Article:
43 Sportfisher — By Richard Thiel — July 1999
Different by Design
|Part 2: Indeed, this is a real space ship.|
It's easy to get caught up in the performance of the 43, but Mikelson and Fexas didn't ignore space planning. Indeed, this is a real space ship. A 125-square-foot cockpit puts the 43 at the top of her class in size, although thanks to those engines below, it's 4'9" from gunwale to water and 3'9" from gunwale to the standard swim platform. Despite her attractive price, most everything you need is standard: an integral transom circulating baitwell that's lighted from below, four flush-mount rod holders, a two-foot-wide transom door (two feet off the swim platform), a built-in tackle center, a cockpit shower, two removable in-sole fishboxes, and a saltwater washdown. Two additional features bear mention: The tackle center has a locker designed to accept a soft-side, four-drawer tackle case, which you can easily take home with you at the end of a trip. (Regular tackle drawers are also available.) And for the ultimate in luxury, order the toilet/shower compartment that nestles into the forward port corner of the cockpit.
Another unusual aspect of this boat is her engine access: Virtually the entire cockpit sole opens in three panels--two large, one small--to expose the engines. Inside, there's three and a half feet from engine to hull side and enough room aft for a second genset, plenty of stowage, and easy access to the steering gear. The standard 8-kW genset sits abaft the starboard engine (well away from the living spaces), and there's space for a second unit abaft the port motor. The engine beds are extra-thick FRP over a foam core, and the engine bearers are fabricated aluminum.
The spaces inside the 43 are just as wide open; flat panels and right angles dominate, instead of curves and slopes. Combined with 6'10" headroom, the result is an unusually spacious feel in the saloon, which offers a fairly conventional arrangement. An L-shape settee with table occupies the port side, from the aft bulkhead to the galley, and a smaller one across from the galley can be a dinette or convert to a twin berth. Abaft this seating area is an occasional chair and, in the aft corner, an entertainment center. All upholstery is Ultraleather, and day/night shades cover the windows.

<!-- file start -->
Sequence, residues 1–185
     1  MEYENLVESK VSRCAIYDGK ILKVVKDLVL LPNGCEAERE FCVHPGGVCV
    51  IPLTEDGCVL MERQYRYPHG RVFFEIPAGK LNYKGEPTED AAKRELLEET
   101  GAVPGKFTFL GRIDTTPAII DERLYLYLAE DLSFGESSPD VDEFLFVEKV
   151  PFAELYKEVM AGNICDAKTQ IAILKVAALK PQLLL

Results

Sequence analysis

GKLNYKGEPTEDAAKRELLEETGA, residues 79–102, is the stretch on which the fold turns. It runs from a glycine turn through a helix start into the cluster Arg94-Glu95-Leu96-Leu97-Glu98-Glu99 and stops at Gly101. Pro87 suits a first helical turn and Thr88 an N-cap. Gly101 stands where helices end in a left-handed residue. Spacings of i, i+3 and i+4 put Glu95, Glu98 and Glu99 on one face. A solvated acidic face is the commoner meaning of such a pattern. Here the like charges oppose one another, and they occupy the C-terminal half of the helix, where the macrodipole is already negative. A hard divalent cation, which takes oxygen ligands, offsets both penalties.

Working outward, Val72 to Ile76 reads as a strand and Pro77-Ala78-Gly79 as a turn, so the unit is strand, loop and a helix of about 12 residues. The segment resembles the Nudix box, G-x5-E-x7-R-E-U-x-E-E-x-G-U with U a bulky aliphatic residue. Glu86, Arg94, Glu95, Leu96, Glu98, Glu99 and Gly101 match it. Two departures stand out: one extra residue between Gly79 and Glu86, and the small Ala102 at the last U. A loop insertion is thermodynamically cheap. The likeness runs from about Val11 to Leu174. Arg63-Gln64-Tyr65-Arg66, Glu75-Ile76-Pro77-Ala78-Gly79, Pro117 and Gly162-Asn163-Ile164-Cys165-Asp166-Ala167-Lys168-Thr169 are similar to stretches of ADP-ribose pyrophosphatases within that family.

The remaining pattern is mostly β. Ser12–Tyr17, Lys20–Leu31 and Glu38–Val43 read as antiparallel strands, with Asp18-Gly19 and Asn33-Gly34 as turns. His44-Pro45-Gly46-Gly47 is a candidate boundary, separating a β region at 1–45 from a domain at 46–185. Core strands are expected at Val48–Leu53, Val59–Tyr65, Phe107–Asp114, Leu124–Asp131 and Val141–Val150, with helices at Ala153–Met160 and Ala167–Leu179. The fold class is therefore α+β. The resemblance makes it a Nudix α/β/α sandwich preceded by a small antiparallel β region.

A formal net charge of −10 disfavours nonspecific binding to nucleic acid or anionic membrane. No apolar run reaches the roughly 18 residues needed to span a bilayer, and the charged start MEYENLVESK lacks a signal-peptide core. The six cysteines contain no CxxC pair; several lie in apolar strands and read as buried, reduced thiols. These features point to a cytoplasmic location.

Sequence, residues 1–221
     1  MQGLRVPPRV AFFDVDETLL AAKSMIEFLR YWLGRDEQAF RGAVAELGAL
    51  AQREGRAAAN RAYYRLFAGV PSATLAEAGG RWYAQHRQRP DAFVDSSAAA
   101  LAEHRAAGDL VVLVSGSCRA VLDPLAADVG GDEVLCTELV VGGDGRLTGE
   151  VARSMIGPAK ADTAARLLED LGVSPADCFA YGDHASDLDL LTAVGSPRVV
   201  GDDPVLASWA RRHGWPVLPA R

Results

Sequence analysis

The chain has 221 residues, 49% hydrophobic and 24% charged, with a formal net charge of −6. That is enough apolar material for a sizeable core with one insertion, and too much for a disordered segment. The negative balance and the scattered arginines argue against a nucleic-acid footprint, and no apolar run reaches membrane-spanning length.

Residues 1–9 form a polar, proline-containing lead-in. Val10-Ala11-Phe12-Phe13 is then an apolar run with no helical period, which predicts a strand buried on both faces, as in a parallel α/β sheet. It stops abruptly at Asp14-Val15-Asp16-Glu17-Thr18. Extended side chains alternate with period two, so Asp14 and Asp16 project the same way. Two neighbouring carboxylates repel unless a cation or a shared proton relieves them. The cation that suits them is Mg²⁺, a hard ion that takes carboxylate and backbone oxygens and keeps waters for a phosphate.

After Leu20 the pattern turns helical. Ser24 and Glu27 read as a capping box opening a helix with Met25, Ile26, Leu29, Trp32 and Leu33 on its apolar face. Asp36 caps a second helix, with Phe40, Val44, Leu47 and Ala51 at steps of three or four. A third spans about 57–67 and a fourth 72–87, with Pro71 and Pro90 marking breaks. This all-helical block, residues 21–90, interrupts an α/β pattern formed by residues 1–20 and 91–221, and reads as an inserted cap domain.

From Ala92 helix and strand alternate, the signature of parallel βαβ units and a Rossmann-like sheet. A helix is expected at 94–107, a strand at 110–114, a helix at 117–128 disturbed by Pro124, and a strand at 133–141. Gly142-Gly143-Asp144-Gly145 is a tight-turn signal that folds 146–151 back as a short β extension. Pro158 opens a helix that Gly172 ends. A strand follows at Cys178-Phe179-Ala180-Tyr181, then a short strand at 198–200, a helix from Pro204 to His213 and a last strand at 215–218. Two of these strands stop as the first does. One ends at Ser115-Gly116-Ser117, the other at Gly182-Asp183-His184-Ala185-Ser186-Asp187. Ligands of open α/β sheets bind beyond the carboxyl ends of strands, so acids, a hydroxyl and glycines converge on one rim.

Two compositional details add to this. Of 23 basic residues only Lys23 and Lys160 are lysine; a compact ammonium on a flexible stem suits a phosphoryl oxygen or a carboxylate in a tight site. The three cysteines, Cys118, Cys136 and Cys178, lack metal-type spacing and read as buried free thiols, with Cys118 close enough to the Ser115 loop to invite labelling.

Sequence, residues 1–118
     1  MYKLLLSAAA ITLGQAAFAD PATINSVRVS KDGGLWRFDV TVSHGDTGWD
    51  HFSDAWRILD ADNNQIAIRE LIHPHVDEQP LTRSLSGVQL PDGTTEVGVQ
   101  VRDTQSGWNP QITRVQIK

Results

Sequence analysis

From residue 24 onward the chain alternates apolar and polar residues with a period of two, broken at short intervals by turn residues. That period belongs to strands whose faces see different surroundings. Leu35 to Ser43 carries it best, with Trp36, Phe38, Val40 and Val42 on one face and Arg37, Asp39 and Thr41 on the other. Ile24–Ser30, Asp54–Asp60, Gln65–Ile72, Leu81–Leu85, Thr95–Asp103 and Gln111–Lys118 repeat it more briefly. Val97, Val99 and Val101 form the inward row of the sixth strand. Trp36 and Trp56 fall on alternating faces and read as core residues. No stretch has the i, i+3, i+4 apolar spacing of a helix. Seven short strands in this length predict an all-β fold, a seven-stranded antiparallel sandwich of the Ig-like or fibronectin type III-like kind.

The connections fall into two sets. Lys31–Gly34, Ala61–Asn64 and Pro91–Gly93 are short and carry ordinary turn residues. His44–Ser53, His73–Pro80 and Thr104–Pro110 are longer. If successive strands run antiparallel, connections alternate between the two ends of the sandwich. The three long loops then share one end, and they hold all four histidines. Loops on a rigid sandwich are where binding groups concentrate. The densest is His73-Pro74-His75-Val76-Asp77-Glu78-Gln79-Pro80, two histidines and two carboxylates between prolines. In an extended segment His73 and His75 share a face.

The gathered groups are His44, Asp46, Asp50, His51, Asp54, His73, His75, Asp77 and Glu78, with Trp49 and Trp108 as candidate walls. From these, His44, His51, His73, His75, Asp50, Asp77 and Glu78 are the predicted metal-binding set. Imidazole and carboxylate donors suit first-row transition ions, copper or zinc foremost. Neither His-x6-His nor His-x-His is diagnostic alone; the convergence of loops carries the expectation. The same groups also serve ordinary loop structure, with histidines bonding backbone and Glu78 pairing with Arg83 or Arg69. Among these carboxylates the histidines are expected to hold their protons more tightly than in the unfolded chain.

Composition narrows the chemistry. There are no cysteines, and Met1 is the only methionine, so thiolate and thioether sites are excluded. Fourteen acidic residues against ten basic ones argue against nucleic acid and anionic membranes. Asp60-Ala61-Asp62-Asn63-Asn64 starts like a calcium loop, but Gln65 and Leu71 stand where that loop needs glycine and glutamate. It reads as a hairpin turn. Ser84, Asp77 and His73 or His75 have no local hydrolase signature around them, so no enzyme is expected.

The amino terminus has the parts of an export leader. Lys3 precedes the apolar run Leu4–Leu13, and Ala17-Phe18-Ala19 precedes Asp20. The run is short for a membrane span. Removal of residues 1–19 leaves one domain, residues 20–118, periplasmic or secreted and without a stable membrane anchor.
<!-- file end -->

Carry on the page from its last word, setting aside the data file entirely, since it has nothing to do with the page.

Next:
The galley is U-shape, with a double sink outboard and forward, a three-burner stovetop, microwave/convection oven, and a refrigerator (a placement that can permit spilled goods when the refrigerator door is opened underway). There are no overhead cabinets on the after side, yet the lack thereof doesn't seem to matter, as there are plenty more elsewhere.
In fact, if you're looking for real stowage, step forward and down into the accommodations area, then turn around and lift the steps. Here, in what would be the engine room of a straight inboard boat, is a seven-foot-long compartment flanked by nonintegral FRP fuel tanks that has enough space to hold a couple month's worth of provisions. I was told West Coast owners often rig bladder fuel tanks here for added range, despite the boat's generous 630-gallon (800-gal. optional) fuel capacity.
Forward of the stairs the 43 offers two staterooms: a guest aft and to port with bunks at right angles, and a forward master with queen-size V-berth, four ports, a large hatch, and a rarity these days: chain locker access. A large head with stall shower lies to starboard and can be accessed directly from the master or from the companionway abaft it.
The 43's bridge is no less generously proportioned than the rest of the boat. There's plenty of space for built-in electronics at the helm, plus a real nav station to port, including a place for a chartplotter and GPS, and even a lexan-covered chart holder. There's also space for two VHFs. A pair of staggered pedestal seats provide seating for the helmsman and guest, but there's plenty more seating aft in an eight-person semicircular settee with table. And how many 43-footers have you been on with an aft observation deck complete with a place for an optional second control station--with wheel? You can also order throttles and shifts for the cockpit.
In a time when boats often seem to all look the same, the Mikelson 43 can truly lay claim to being different, and not just for the sake of being different. The philosophy behind each design decision is easy to see, making it simple to understand what the 43 is all about. Even if you can't figure out the name.
Mikelson Yachts Phone: (619) 222-5007. Fax: (619) 223-1194. www.mikelsonyachts.com.
This article originally appeared in the January 2003 issue of Power & Motoryacht magazine.